My average mileage so far is 41.7 MPG over the last 60k miles (US gallons).
  • kneisl1kneisl1 Posts: 1,694
    Have you tried synthetic oil in your Echo in winter? Really and truely you should not have to idle the car in winter to warm it up. It should start and drive off with no trouble. How cold is it there? Im afraid idling the car for long periods in cold weather with cause carbon to form on the ring lands of the pistons and surfaces of the exhaust valves...possibly leading to trouble later on. Ive taken apart a lot of engines with that problem. Starting up and driving right off makes the engine warm up faster than idleing and is what the makers recommend. Carbon formation is why they recommend that. I guess if the car doesnt run ok when it first starts when its cold you have no choice but to idle it.
  • kneisl1kneisl1 Posts: 1,694
    On my diesel Mercedes for winter starting a farmer friend gave me a magnetic oil heater you could slap right to the oil pan. Cant remember the name but it worked great and should be availible in farm equipment stores. The stupid one Mercedes sold required removal of a plug in the side of the cast iron engine block. No way I was going to remove that 2 inch plug on a 15 year old car.
  • pulgopulgo Posts: 400
    At least in winter you should use a good synthetic oil. Mobil 1, Amsoil and Redline come to mind. Mobil 1 should be the easiest to obtain (Wal-Mart). I suggest using 5W30 or even a 0W30 oil. Look at your manual to see which one is recommended.

    Give your car no more than 30 seconds of idling before starting. Just make sure you use the defogger and crank up the heater. It will warm almost immediately because it has an electric heater element.
  • kaz6kaz6 Posts: 331
    I have a 4-door with 5-spd and get 29-33mpg in town(very heavy traffic w/short distance) and 33-38mpg on the hwy(high altitude driving w/average speed of 80mph). I have never driven on flat or low altitude for long distance with my new wheels/tires...drove from Los Angeles to Ensenada, Mexico on OEM setup and got 38mpg. That trip included going 85-90mph in Baja, Mexico.
  • nodakernodaker Posts: 20
    To all those who have the solution to warming up my car in the winter :)

    1. Block heater is out -- no place to plug the car in when I'm at work. (block heaters (head bolt heaters) used to come standard on cars in North Dakota, but I think someone finally realized that most people don't have a place to plug them in ;~)

    2. I use synthetic oil.

    3. I have an auto-start and start my car about 7-10 minutes before I get into it.

    4. I've seen temps down to -40 below, windchill to -85.

    5. The ECHO runs fine no matter how cold it is, however my body does not. Unfortunately, I have Raynaud's disease and cannot tolerate cold temps. I also weigh about 90 pounds soaking wet so the insulation factor is in the negative numbers :)

    6. Please, no lectures on how unfriendly running my car for 10 minutes in the winter is to the environment. I am a tree-hugging, vegan. I HATE that I even have to DRIVE period, and it goes against my very moral fiber to have to warm the car for a bit before I get into it. If I ever move out of this god forsaken state, I would probably walk or bike EVERYWHERE, EVERYDAY. I bought the ECHO so I would use as little fuel as possible knowing my situation cannot change at this time.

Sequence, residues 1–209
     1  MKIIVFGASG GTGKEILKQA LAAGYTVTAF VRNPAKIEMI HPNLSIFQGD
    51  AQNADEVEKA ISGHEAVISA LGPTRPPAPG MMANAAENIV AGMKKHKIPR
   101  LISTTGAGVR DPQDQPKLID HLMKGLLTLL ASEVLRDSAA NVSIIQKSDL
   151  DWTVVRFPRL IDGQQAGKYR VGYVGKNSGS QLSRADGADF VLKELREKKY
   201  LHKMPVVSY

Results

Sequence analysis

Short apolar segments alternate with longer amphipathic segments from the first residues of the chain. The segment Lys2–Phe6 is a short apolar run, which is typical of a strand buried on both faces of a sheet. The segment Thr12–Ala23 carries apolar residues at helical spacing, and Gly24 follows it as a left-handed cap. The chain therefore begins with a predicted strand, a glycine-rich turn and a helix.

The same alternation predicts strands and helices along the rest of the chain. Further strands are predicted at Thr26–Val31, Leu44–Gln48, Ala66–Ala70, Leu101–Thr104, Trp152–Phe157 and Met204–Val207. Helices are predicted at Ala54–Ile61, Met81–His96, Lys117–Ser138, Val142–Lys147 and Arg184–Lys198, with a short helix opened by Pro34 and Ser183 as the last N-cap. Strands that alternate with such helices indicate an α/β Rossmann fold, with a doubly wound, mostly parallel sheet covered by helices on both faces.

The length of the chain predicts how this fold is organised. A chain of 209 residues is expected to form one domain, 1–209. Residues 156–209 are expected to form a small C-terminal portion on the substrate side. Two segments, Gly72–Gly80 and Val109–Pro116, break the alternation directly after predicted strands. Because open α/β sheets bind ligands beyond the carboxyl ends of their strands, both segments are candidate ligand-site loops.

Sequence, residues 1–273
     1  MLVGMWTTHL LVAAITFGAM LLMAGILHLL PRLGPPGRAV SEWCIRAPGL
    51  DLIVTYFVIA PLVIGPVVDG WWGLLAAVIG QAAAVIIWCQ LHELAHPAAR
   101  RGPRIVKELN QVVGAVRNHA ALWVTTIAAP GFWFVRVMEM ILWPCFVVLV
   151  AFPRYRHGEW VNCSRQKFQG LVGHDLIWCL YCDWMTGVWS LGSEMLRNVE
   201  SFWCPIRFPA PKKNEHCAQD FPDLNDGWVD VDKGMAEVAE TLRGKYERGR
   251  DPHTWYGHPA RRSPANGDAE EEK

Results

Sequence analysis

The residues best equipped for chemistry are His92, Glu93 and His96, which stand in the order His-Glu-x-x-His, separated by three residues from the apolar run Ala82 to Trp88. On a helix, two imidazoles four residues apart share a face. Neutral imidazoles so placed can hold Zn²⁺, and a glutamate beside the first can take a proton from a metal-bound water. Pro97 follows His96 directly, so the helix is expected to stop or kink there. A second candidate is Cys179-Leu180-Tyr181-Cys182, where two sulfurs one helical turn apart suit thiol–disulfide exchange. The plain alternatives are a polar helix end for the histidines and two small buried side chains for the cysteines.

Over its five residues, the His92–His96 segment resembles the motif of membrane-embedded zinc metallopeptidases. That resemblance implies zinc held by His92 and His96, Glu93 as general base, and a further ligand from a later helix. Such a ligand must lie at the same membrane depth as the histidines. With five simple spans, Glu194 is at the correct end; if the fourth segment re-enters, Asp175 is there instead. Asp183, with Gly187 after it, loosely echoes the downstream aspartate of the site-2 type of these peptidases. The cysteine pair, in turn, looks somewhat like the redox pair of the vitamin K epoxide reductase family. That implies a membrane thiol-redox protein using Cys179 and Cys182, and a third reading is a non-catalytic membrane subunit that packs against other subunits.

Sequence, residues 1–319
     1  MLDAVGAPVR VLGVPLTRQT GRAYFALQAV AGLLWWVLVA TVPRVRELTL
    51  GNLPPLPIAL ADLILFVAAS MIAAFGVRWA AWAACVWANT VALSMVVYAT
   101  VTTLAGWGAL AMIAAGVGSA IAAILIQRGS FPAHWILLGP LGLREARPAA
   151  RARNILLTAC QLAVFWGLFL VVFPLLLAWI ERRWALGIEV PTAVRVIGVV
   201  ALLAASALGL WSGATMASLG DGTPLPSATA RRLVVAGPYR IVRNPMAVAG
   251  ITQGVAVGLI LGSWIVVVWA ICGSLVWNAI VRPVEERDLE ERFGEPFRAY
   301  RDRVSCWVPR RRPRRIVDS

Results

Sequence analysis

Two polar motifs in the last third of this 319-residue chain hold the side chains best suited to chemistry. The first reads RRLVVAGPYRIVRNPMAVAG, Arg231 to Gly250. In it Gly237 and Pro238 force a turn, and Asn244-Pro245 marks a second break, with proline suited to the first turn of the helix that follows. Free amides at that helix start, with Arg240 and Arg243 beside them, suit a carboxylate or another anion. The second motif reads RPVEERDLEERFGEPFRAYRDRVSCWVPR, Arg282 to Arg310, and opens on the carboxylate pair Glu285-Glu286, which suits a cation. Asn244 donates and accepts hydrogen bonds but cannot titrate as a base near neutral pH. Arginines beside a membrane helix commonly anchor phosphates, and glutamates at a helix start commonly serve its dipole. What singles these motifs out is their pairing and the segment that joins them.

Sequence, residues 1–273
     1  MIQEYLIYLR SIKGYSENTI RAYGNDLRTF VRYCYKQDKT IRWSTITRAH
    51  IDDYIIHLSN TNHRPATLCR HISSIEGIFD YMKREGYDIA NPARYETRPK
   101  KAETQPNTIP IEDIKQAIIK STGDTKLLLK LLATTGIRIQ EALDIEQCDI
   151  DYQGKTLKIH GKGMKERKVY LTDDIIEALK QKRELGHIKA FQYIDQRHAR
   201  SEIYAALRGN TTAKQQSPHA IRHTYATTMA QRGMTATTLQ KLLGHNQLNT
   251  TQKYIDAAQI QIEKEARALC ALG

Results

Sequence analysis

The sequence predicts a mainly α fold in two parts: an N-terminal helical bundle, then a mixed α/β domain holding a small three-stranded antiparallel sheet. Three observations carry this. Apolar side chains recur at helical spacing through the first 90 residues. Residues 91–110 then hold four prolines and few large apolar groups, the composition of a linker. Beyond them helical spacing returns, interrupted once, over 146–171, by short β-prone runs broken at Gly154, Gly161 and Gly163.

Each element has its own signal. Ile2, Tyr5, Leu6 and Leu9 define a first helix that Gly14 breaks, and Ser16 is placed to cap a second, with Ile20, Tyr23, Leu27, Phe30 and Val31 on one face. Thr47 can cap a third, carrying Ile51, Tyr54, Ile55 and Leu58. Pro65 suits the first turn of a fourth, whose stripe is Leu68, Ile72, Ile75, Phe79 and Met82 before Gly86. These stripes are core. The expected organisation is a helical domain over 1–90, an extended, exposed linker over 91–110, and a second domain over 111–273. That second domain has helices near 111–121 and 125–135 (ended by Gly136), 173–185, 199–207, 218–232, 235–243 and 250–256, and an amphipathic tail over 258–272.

7. Don't bother suggesting that I move -- not possible until hubby retires. On that day -- I'm heading south -- even if I have to live in Zihuatenajo :)

    BTW, I never use the A/C. All gas mileage I quoted was without A/C.
  • nodakernodaker Posts: 20
    Where in upstate NY? I lived in Plattsburgh for a few years (early 70's) AND drove a VW bug :) I got that puppy stuck in lots of snowbanks! Lots of snow in P'Burgh, but the temps were moderate compared to NoDak. The wind in NoDak is brutal :(

    I hate this place.
  • pulgopulgo Posts: 400
    How about buying one of those cheap electric heaters for the cabin of the car and running it maybe 10 minutes in the morning? If this is possible at your home you would at least save some gas (and engine wear).
  • kneisl1kneisl1 Posts: 1,694
    I grew up in Cobleskill NY and commuted to work at GE in Schnectady for eight years. (we used to get snow then!) Wish I could buy a new beetle like my 74, I put 250,000k on that car and very reliable. Sorry to hear that you have Raynauds disease and connot tolerate cold temperatures. (and you live in ND!) Come join us in NJ its like Florida here in winter!
  • thooverthoover Posts: 49
    We have 50K miles on our 2000 w. auto and air, 4 door. Here are the stats:

    Current 5-tank average: 44.7
    Average over last 60 tanks: 41.9

    I do try to baby this thing, I love it. But this car is used in all kinds of driving, though mostly rural 45 or 55 mph 2 lane roads.
  • kneisl1kneisl1 Posts: 1,694
    Todays question is: If you have in fact purchased an ECHO, how old are you? Clueless Toyota research suposedly aimed the ECHO at younger buyers hoping to make them Toyota buyers for life. But I bet NOBODY who is under 30 buys an ECHO (they all want BMWs) Help Toyota marketing get its head on straight about who to design a practical, economical for. Or, if you are under 30 and have an ECHO, prove me wrong.
  • vocusvocus Posts: 7,777
    I will answer for my friend, since he doesn't get into cars enough to read one of these forums. He is 25. Just bought his ECHO about 4 weeks ago, used. It had 35,850 miles on it, it's a 2000 sedan with automatic, AC, rear defogger, rear spoiler, side cladding, aftermarket alarm, and nothing else! He likes it thus far, compared it to looking like a spaceship when he saw it on the lot.

    He paid $8400 on the road, including TTL for it.
  • sfechosfecho Posts: 26
    Those two questions brought 'em out of the woodwork!
    We have two Echo's (two votes):
    Approx 31 mpg around town, San Francisco, lotsa hills, lotsa stop and go. The best on a trip:
    41 MPG (automatic). Ages: fifty something
    Another tough question: tire pressure.
    I use 36 psi for all four. Rougher ride, better mileage.
  • Reference message #3411: Where is Zihuatenajo?
  • nodakernodaker Posts: 20
    Zihuatenjo is about 10 miles from Ixtapa which is about 150 miles north of Alcapulco, Mexico. Zihuatenjo is still relatively undeveloped and not the huge tourist mecca that Cancun is... yet :( Nice weather year around (hot in the summer, but I love hot weather), pacific ocean, great sunsets, beach...